→The Early Presidents
==The Early Presidents==
George Washington is not often thought of as a scandalous president, but even he could not get away from some rumors. This included having been accused of fathering children out of wedlock, something not acceptable to 18th-century norms. However, one documented scandal did great problems for him and may have contributed to his somewhat early death. The Jay Treaty was a treaty signed in 1795 between the United States Government and Great Britain, which helped establish a firmer peace between the two countries at the time. The treaty gave Britain favored trading status and this greatly angered France, the ally of the United States, and led to a split among US politicians, with Jefferson accusing Washington of treason. The Jeffersonian party saw this as a power grab by the Hamiltonians; in Washington's own farewell address he warned against party politics and the influence of political parties (Figure 1).
Another early scandal involved a cabinet member of Andrew Jackson, John Eaton, who was Secretary of War. Eaton had just married Peggy O’Neale after his previous wife had died. O'Neale herself was a young widow and had soon married Eaton after her husband died, which led to many accusations that the two were conducting an affair prior to what was seen as a convenient death. The wives of Jackson's cabinet refused to socialize with O'Neale, leading to Jackson becoming angry with his cabinet and scolding them for not having their wives socialize with O'Neale. Eventually, Jackson's entire cabinet resigned, as they saw Eaton's relationship as scandalous for the moral standards of the day.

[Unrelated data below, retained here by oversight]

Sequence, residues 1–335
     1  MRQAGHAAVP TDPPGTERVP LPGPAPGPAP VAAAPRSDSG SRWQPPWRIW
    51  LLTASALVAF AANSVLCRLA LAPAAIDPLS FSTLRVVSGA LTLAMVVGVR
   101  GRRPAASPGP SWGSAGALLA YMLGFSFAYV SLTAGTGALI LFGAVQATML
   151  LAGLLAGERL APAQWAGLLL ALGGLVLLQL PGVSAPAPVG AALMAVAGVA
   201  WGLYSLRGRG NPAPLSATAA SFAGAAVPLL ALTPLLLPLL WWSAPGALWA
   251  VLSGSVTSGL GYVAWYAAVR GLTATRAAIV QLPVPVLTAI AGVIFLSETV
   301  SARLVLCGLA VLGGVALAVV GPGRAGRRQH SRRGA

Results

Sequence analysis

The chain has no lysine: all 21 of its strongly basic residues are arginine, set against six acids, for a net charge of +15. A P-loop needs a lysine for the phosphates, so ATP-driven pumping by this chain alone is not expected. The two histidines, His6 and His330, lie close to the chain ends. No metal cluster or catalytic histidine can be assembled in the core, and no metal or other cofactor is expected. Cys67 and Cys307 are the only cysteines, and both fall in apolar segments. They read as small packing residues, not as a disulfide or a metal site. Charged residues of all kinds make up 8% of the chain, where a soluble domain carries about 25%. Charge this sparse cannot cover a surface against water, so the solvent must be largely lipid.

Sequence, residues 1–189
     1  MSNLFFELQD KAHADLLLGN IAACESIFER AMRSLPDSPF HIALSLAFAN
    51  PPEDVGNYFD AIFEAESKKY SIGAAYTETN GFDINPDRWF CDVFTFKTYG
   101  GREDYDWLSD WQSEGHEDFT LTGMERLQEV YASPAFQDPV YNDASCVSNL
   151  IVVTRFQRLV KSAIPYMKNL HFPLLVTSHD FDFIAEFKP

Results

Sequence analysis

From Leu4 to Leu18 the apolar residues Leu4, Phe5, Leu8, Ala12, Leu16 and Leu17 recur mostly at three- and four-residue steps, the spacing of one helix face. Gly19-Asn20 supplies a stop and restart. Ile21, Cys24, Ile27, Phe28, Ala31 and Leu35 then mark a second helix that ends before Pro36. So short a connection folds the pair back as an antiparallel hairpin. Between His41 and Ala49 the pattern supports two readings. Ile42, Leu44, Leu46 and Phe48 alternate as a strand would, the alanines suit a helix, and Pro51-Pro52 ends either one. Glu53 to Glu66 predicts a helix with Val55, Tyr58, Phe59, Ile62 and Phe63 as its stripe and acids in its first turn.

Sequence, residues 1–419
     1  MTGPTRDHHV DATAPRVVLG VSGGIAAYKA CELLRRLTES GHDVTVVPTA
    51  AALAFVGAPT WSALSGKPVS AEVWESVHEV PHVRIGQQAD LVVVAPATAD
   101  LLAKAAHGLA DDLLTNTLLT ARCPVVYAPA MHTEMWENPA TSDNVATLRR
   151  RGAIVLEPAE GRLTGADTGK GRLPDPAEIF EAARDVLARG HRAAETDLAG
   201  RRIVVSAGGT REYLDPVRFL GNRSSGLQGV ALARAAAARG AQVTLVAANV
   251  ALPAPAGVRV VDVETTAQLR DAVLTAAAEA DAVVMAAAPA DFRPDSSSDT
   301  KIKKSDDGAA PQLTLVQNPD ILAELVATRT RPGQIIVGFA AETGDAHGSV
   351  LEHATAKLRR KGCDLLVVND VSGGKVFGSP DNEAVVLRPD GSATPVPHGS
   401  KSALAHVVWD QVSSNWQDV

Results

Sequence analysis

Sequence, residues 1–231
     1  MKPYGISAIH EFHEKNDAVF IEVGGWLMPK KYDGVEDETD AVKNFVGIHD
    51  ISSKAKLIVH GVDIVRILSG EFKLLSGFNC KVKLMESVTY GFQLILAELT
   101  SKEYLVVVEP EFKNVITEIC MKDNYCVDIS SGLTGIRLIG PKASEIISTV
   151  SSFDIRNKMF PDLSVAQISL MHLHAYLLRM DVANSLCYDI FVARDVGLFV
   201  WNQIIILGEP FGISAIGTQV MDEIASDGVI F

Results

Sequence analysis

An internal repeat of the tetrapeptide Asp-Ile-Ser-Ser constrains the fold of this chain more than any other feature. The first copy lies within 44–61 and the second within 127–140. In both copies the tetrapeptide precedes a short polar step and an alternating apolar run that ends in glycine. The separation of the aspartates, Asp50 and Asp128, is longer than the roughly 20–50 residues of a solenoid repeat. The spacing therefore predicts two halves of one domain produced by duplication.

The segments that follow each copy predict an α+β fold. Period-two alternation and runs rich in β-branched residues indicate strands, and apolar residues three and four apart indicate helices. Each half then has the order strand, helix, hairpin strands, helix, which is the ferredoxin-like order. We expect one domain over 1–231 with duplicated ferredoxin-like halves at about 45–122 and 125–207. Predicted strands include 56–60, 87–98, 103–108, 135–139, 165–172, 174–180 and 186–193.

Andrew Johnson is known as the president who came closest to being impeached. His relationship with Congress was so fractious that he even refused to carry out laws they had passed, resulting in continuous problems between the president and Congress. He also fired officials despite having been warned he could not and
repeatly created crises with congressional leaders. In fact, his violation of the Tenure of Office Act, which gave authority to Congress for removing certain office holders, is what led to impeachment. The scandal did not reflect well on Congress either, as it was seen by the wider public as an attempt by Republicans to assert their authority on the President rather than being a legitimate reason for the impeachment.
Perhaps among the biggest scandals of 19th-century American presidents involved Grover Cleveland. In 1884, he ran for president as a clean, moral president and was labeled as "Grover the Good." The reality was he had fathered an illegitimate child years earlier. The woman in question was Maria Halpin, a widow. Cleveland quickly admitted to the affair once it was revealed and said he even took care of the child in question by finding a family to adopt the child, even though he stated he was not sure he was the father of the child and Halpin had been accused of being with other men. Cleveland said he was being gallant for taking responsibility for the child even if he was not sure he was the father. Halpin, on the other hand, accused him of having forced her to give up the child and had effectively bribed his way out of the issue by making the child disappear from political scrutiny. This scandal occurred mostly during the campaign and led to a very close election that Cleveland was able to win perhaps through some clever spinning by making it look like he was ultimately trying to help the child.
[[File:Jay's-treaty.jpg|thumb|Figure 1. The Jay Treaty was perhaps the first scandal to directly affect a sitting President. ]]